Observation tools for early childhood development

Updated April 17, 2017

Observation of young children is the starting point for understanding and supporting their individual development needs. It is a key assessment tool in the UK government's Early Years Foundation Stage curriculum. All professionals involved in the care and education of young children, from childminders and nannies to preschool teachers, are expected to make and record observations.

Sticky notes

The standard observation tool since the EYFS curriculum was introduced in 2008 was a stack of post-it notes and a pen. Teachers watching children absorbed in play would scribble down notes about what they were doing, and stick the notes on pages in the children's files. The small sizes of post-it notes means that they were not cumbersome. Observations could be recorded easily during the course of the day and reviewed later.

Talking to parents

Listening to parents during parent-teacher meetings and asking them to tell you what their child does at home is also an important observation tool. It is particularly important if the behaviour and skills demonstrated at home differ markedly from those shown in nursery or school. It is helpful to encourage parents to bring in examples of what their children have drawn or written at home.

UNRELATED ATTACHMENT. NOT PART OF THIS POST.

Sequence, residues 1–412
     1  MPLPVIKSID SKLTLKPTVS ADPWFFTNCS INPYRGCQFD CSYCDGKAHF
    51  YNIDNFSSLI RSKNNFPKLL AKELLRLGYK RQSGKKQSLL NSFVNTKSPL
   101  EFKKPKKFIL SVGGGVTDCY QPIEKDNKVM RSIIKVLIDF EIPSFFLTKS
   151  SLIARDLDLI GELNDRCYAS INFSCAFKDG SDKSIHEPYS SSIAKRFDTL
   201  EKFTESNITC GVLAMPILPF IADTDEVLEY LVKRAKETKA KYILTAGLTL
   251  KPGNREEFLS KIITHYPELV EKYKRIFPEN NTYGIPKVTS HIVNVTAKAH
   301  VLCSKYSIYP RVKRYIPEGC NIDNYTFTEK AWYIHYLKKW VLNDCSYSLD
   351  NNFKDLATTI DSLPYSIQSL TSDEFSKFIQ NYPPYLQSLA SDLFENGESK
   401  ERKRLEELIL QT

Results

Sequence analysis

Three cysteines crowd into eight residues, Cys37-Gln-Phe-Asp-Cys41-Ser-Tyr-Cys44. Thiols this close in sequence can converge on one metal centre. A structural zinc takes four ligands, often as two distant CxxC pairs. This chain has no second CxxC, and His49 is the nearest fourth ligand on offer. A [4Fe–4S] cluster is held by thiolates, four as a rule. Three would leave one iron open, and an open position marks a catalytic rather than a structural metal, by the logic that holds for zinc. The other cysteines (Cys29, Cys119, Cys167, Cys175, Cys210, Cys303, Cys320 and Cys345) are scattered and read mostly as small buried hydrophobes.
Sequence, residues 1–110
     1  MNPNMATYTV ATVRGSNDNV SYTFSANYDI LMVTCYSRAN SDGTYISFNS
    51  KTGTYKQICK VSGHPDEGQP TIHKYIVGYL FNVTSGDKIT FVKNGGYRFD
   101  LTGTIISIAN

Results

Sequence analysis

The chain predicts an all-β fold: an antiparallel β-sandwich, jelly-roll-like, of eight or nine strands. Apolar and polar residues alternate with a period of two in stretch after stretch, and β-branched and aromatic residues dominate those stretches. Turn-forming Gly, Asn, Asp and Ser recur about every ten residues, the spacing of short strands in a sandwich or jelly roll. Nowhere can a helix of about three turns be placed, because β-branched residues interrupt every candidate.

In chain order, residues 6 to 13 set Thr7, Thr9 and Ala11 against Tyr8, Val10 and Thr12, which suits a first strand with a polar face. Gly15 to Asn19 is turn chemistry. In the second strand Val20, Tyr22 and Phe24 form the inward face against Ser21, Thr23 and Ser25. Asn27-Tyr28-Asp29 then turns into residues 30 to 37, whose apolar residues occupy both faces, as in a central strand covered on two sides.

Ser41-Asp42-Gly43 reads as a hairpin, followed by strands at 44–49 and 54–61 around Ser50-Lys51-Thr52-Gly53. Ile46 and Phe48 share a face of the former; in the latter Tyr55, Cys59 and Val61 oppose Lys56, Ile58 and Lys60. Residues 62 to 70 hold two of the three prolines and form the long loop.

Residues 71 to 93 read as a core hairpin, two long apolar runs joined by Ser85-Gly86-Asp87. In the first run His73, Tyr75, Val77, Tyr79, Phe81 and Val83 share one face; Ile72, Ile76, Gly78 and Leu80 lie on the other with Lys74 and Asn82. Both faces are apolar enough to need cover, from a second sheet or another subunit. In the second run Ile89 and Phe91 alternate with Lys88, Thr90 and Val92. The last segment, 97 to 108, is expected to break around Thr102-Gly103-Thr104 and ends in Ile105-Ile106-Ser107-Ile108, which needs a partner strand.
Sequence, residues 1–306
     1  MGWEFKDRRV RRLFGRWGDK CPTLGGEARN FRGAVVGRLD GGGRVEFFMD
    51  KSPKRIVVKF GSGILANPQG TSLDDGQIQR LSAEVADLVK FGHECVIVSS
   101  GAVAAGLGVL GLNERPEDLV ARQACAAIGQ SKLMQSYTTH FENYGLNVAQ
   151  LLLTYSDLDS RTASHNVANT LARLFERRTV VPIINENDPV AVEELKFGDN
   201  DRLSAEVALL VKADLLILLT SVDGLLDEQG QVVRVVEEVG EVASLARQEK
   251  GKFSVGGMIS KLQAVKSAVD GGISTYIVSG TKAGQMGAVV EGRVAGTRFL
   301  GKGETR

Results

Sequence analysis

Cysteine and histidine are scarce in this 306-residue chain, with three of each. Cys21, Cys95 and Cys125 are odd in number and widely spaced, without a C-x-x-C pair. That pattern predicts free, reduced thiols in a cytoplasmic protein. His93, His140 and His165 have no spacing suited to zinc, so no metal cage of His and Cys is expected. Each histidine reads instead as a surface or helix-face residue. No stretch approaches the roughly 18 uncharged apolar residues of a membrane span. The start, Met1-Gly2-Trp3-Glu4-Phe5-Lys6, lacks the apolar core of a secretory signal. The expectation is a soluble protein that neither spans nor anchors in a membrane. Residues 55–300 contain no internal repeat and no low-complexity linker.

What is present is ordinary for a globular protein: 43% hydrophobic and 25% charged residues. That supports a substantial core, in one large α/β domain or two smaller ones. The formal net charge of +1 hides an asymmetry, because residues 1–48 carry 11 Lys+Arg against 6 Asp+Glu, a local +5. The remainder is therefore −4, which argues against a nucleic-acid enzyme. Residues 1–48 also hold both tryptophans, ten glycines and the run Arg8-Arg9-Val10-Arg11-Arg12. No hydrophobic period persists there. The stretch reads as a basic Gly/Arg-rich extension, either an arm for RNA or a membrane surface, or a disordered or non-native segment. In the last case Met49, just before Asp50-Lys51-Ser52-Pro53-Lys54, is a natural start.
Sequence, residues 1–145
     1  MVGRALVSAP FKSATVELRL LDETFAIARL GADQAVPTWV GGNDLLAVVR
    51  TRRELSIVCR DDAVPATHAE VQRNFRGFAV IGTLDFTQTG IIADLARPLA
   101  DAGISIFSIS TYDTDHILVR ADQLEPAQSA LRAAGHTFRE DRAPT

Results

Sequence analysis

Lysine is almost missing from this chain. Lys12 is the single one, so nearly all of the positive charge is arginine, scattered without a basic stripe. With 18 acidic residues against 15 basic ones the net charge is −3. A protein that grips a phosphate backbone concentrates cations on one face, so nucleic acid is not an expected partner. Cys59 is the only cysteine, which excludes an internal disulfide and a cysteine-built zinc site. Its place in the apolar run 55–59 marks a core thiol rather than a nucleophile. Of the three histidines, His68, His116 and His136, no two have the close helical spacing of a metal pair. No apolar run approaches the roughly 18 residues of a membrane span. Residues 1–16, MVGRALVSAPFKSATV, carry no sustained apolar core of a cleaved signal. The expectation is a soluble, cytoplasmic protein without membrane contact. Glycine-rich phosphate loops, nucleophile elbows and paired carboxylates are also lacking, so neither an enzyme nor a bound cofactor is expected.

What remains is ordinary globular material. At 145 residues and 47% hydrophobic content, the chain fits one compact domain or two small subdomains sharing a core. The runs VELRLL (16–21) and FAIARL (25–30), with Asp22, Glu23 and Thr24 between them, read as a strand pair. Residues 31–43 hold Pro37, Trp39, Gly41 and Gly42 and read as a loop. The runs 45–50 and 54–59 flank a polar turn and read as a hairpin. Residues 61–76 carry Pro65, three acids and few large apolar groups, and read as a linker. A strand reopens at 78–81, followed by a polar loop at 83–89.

Observation form

Many local authorities and educational institutions have created observation forms to make recording and analysing observations easier. The early years practitioner fills in the date and time at which the observation takes place, and states the context in which the child is playing. The form gives prompts for the things that the practitioner should be looking for, organised according to the themes in the EYFS framework, such as "A Unique Child" and "Positive Relationships."


A number of specific software tools have been developed to help teachers and other early years practitioners record their observations. One of the best known, Evernote, synthesises observations recorded via different media, such as photographs, audio recordings, and notes made on a smartphone.


In a number of schools, teachers have experimented with using iPads and other tablets as observation tools. You tag the children you are observing by taking photographs of them and labelling them. You can take photographs of experiences and activities, and record anything the children say by clicking on the tablet's yellow post-it device and typing in the information.

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About the Author

Lalla Scotter has been writing professionally since 1988, covering topics ranging from leadership to agriculture. Her work has appeared in publications such as the "Financial Times" and "Oxford Today." Scotter holds an honors Bachelor of Arts in English from the University of Bristol.